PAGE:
Use Hand Weights<p>Cardio and strength training can go hand-in-hand when you add weights to your walk.</p><p>A <a href="https://journals.lww.com/acsm-msse/Fulltext/2019/03000/Associations_of_Resistance_Exercise_with.14.aspx" target="_blank">2019 study</a> found that weight training is good for your heart, and <a href="https://www.mayoclinicproceedings.org/article/S0025-6196(17)30167-2/abstract" target="_blank">research</a> shows it reduces the risk of developing a <a href="https://www.healthline.com/health/nutrition-metabolism-disorders" target="_blank">metabolic disorder</a> by 17 percent. People with metabolic disorders have a higher chance of being diagnosed with high cholesterol, high blood pressure, and diabetes.</p><p>Rue suggests not carrying weights for your entire walk.</p><p>"Hand weights can give you an added level of energy burning, but you have to be careful with these because carrying [them] over a long period of time or while walking could actually lead to some overuse injuries," he says.</p>
Make It a Circuit<p>As another option, consider doing a circuit. First, put a pair of dumbbells on your lawn or somewhere in your home. Walk around the block once, then stop and do some bicep curls and tricep lifts before walking around the block again.</p><p>Rue recommends <a href="https://www.healthline.com/health/exercise-fitness/running-with-weights" target="_blank">avoiding ankle weights</a> during cardio workouts, as they force you to use your quadriceps rather than hamstrings. They can also cause muscle imbalance, according to the <a href="https://www.health.harvard.edu/staying-healthy/wearable-weights-how-they-can-help-or-hurt" target="_blank">Harvard Health Letter</a>.</p>
Find a Fitness Trail<p>Strength training isn't limited to weights. You can get stronger by <a href="https://www.healthline.com/health/bodyweight-workout" target="_blank">simply using your body</a>.</p><p>Often found at parks, fitness trails are obstacle courses with equipment for pullups, pushups, rowing, and stretches to build upper and lower body strength.</p><p>Try searching "fitness trails near me" online, checking out your local parks and recreation website, or calling the municipal office to <a href="https://calisthenics-parks.com/" target="_blank">find one</a>.</p>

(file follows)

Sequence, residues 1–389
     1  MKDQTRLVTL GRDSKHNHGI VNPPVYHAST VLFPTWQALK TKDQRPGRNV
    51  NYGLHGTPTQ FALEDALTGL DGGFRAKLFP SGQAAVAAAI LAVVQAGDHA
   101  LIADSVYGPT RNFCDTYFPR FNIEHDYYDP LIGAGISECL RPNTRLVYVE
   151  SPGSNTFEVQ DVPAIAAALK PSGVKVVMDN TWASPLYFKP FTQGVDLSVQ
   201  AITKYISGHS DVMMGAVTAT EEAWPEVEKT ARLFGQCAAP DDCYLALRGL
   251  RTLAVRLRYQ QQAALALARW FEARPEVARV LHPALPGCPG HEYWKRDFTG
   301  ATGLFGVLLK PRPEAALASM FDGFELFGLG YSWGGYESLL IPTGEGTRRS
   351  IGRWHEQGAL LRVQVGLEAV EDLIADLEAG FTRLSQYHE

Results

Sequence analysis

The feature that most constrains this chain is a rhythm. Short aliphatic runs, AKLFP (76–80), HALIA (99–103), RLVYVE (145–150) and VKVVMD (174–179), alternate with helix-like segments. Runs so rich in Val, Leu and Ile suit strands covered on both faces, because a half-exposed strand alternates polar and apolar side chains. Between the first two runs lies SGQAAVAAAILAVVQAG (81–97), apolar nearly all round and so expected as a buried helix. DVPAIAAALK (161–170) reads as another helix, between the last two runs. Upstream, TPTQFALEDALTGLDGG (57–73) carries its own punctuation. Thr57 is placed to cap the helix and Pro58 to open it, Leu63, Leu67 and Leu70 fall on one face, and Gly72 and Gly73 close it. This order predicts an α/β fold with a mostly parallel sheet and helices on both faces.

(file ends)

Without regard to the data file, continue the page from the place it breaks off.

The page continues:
Recruit a Friend<p>People who workout together stay healthy together.</p><p><a href="https://bmcgeriatr.biomedcentral.com/articles/10.1186/s12877-017-0584-3" target="_blank">One study</a> showed that older adults who exercised with a group improved or maintained their functional health and enjoyed their lives more.</p><p>Enlist the help of a walking buddy with a regimen you aspire to have. If you don't know anyone in your area, apps like <a href="https://www.strava.com/" target="_blank">Strava</a> have social networking features so you can get support from fellow exercisers.</p>
Try Meditation<p>According to the <a href="https://www.nccih.nih.gov/research/statistics/nhis/2017" target="_blank">2017 National Health Interview Survey</a>, published by the National Institutes of Health, meditation is on the rise, and for good reason.</p><p>Researchers <a href="https://pubmed.ncbi.nlm.nih.gov/29616846/" target="_blank">found</a> that mind-body relaxation practices can regulate inflammation, <a href="https://www.healthline.com/health/biological-rhythms" target="_blank">circadian rhythms</a>, and <a href="https://www.healthline.com/health/glucose" target="_blank">glucose</a> metabolism, as well as lower <a href="https://www.healthline.com/health/high-blood-pressure-hypertension" target="_blank">blood pressure</a>.</p><p>"Any form of exercise can be turned into a meditation of some type, either by the surroundings you are walking in, like a park or trail, or by blocking out the outside world with music on your headphones," Rue says.</p><p>You can also play a podcast or download an app like <a href="https://www.headspace.com/headspace-meditation-app" target="_blank">Headspace</a> that has a library of guided meditations to practice while you walk.</p>